Basically the Instant Pot has three timings: building up the pressure, cooking and release timing. First one depends on the AMOUNT of liquid that there is inside and it is very hard to pin down to a precise number. It can go from 10 to 40 minutes. Cooking time is usually pretty low, depending again on what you are cooking. And release timing depends on whether you are doing a QR (Quick Release) or a NR (Natural release).
To give you an example, for a simple pasta dish with some veggies the timings would be the following (approximately):
- Pressure time: 10 minutes
- Cooking time: 4 minutes
- Release time: Quick Release, so just the time the Pot gets depressurized.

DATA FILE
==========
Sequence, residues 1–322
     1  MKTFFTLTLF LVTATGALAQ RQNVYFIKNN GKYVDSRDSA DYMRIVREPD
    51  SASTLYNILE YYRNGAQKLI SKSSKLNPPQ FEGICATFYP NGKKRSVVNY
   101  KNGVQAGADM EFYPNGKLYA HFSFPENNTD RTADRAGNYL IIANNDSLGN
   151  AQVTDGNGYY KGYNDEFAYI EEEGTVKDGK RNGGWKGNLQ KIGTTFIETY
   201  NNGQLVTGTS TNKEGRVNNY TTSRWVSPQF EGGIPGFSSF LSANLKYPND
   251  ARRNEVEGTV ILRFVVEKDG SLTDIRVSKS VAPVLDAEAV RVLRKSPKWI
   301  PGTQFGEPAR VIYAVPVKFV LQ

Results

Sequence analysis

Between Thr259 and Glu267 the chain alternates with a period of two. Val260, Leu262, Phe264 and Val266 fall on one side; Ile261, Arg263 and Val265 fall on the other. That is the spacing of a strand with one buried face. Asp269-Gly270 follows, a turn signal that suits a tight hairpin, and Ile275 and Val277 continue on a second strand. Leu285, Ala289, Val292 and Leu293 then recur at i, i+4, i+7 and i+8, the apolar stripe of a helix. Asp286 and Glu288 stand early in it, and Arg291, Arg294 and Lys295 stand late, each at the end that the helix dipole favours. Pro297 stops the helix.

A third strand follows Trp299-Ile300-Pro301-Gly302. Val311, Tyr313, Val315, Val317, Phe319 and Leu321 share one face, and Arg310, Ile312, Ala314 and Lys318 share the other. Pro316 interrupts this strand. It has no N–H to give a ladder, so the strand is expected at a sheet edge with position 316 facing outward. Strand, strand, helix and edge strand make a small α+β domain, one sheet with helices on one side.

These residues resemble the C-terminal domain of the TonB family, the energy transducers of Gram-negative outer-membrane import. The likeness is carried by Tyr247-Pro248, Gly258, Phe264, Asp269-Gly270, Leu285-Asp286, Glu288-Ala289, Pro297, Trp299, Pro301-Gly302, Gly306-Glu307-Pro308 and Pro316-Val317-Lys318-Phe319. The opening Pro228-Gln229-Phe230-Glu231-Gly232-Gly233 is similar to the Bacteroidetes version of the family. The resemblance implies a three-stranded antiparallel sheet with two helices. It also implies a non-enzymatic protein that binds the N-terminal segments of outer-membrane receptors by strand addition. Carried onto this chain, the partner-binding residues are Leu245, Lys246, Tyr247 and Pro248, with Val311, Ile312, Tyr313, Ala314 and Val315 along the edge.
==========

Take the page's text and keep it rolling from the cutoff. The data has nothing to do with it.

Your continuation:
Total recipe time: Around 15 minutes.
Some people find it “tedious” to clean certain parts of the Instant Pot
The Instant Pot has three main parts: Body, pot and lid. The pot is easy to wash, but some people find tedious cleaning the inner ring of the lid. There are many tips out there on how to get rid of smells and what not, I personally follow this tip.
Recipes for beginners
No Instant Pot Basics post can be complete without some recipes. I have featured many recipes since I got the Instant Pot and I want to continue doing so. The Instant Pot has been a game changer, specially for busy days and meal prepping. You can check out some of my best recipes here:
I don’t want to overwhelm you guys with a lot of Instant Pot basics content today, so I will see you next time with some extra tips & tricks. In the meantime, tell me if there are any specific questions you might have about the Instant Pot, and if you want to see something featured about it in the following posts!